A diabetes drug which does not hurt your heart

BARCELONA: Mankind’s fight with diabetes and its associated medical complications goes back over 3,500 years ago. In fact, the earliest record of diabetes, written on a third dynasty Egyptian papyrus by physician Hesy-Ra , describes it as a “great emptying of the urine” .

Medical advances since then have progressed from treating diabetes with “wheat grains, fruit and sweet bee” to a host of integrated drugs, apart from a regimen of diet and exercise.

Currently, diabetes (both Type 1 and 2) affects an estimated 371 million people and kills over 4 million annually worldwide. Worryingly, over 63 million of these patients are found to be in India alone. Even more alarming is the correlation between diabetes and cardiovascular (CV) disease. Studies have shown that approximately 50% of diabetics die of a cardiovascular event.

As Dr Mark Kearney, professor of cardiovascular and diabetes research at the British Heart Foundation, University of Leeds, said: “If you are a South Asian, you are not only more susceptible to Type 2 diabetes but also to cardiac failure.” In fact, the cardiovascular age of a diabetic is pegged at 15 years more than the patient’s biological age. In simple terms, people with diabetes are four times more likely to die of a heart attack or stroke as compared to those who don’t have diabetes.

The main outlook in treatment of such patients is not to increase the risk of CV events even further. This is where data from Phase 3 trials in linagliptin, a DPP-4 inhibitor, holds out some sweet news. Boehringer Ingelheim and Eli Lilly and Company recently announced at the annual European Association for the Study of Diabetes meeting that treatment with linagliptin is not associated with increased risk of CV events in the treatment of T2D. Linagliptin (a 5mg tablet, once daily), is the only DPP-4 inhibitor that does not require dose adjustments in adults with T2D.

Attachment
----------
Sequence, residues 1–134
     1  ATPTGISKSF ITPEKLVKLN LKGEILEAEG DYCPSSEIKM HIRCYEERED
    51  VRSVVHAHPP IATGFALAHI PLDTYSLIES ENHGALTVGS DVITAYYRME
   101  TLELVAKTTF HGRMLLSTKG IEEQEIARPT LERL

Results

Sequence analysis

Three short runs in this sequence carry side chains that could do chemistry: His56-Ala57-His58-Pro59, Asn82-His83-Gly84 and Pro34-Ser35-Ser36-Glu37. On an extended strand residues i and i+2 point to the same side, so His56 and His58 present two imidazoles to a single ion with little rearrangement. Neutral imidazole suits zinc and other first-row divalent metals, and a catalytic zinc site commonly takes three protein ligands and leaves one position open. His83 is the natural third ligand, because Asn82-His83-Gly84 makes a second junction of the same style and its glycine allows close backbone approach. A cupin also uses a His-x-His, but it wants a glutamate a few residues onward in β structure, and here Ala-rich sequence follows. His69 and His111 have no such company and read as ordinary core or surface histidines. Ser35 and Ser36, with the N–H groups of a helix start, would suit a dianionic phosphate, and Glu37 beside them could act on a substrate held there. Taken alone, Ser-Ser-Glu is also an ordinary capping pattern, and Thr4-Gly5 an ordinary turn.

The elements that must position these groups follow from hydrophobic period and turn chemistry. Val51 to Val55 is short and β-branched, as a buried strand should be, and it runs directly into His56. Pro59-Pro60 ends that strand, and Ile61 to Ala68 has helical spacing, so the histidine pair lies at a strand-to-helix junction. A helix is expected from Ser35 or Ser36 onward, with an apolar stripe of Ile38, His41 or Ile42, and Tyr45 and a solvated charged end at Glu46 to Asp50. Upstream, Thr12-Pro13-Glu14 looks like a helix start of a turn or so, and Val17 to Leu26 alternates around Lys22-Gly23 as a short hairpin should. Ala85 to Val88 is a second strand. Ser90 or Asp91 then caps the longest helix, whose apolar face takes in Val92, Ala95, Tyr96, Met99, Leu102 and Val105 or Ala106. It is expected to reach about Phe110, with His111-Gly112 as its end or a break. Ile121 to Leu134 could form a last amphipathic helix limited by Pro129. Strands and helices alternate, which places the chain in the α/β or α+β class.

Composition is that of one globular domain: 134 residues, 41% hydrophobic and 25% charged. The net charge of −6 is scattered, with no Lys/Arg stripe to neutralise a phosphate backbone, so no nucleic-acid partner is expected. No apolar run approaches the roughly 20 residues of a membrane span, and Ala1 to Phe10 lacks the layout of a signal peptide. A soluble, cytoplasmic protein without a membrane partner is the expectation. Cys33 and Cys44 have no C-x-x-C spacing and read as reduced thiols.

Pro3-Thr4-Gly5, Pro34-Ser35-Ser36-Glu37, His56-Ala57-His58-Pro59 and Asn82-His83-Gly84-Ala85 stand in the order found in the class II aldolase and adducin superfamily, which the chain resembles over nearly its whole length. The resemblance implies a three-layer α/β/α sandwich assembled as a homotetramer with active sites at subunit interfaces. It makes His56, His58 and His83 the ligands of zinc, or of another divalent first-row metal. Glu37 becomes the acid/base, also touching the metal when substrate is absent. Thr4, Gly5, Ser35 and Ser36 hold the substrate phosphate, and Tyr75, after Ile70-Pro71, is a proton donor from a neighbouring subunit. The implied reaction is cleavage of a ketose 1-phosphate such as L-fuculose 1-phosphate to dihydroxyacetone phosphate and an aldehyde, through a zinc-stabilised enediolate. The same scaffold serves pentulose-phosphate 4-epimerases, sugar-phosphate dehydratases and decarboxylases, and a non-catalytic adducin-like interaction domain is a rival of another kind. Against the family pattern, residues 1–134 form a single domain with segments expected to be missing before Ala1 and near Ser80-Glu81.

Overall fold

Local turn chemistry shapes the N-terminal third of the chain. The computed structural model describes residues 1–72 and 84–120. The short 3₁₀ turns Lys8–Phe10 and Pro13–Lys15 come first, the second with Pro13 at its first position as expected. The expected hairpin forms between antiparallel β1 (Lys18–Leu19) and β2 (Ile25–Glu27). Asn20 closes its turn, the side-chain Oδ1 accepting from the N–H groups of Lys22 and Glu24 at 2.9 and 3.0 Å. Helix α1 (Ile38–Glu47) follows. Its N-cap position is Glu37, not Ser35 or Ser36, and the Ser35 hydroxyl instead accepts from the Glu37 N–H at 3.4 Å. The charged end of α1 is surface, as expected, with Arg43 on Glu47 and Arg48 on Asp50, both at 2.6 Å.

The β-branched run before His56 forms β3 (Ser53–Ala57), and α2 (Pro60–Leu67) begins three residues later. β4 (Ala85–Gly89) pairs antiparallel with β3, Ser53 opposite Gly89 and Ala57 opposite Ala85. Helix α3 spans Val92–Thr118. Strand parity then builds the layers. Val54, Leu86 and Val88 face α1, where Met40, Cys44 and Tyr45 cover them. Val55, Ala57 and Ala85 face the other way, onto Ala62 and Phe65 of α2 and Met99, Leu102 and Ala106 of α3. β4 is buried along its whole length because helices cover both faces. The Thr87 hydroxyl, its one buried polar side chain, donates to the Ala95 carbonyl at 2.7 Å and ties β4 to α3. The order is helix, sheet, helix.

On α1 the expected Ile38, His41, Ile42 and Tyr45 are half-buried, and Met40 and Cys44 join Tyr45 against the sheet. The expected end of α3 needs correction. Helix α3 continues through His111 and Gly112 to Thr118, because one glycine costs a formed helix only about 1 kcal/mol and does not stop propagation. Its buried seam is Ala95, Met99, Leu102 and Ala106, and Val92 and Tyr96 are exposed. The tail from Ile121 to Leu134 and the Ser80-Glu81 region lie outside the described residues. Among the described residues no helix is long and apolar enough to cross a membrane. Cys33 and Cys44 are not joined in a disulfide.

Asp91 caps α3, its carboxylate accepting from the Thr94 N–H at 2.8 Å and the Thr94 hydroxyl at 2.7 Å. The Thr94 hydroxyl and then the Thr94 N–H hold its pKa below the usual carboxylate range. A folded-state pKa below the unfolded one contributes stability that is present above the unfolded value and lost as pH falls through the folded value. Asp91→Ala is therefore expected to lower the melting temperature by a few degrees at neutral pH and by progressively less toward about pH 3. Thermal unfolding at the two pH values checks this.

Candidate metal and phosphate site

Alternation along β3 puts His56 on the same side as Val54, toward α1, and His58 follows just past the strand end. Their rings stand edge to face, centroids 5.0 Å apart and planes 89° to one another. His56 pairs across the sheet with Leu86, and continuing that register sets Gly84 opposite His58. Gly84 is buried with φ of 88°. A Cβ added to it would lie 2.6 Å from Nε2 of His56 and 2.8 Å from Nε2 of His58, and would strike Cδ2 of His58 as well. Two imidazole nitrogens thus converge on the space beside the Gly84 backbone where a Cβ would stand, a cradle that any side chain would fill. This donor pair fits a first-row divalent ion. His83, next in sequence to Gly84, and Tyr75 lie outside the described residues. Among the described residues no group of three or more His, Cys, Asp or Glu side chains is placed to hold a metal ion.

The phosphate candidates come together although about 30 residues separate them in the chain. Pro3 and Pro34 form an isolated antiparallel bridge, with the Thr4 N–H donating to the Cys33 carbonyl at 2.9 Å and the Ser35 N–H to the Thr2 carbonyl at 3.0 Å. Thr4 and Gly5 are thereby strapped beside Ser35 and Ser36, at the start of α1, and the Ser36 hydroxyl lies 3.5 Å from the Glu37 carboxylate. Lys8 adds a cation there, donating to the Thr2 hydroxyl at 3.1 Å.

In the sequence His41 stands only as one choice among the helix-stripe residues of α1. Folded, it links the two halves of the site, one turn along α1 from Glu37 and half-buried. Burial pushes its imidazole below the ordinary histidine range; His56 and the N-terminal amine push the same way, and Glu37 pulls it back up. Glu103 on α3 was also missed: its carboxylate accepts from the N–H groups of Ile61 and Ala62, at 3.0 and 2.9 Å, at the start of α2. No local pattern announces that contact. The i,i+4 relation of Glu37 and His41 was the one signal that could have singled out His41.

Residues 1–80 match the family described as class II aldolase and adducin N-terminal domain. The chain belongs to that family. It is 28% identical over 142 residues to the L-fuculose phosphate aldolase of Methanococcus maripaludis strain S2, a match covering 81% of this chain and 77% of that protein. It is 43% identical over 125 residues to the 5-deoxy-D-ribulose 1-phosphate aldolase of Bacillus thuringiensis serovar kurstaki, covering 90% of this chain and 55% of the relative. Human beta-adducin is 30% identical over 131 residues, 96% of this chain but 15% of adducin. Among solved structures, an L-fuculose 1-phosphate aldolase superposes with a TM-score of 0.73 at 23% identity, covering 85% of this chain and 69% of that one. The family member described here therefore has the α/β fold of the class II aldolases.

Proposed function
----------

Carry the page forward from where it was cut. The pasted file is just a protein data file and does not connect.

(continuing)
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It is marketed as Trajenta in Europe and Tradjenta in the US. The results from the Phase 3 clinical trials of linagliptin, that covered 6,000 people with T2D in various countries, are even more heartwarming when its efficacy, safety and tolerability levels, especially among elderly patients, are considered.

(This correspondent was in Barcelona at the invitation of Boehringer-Ingelheim )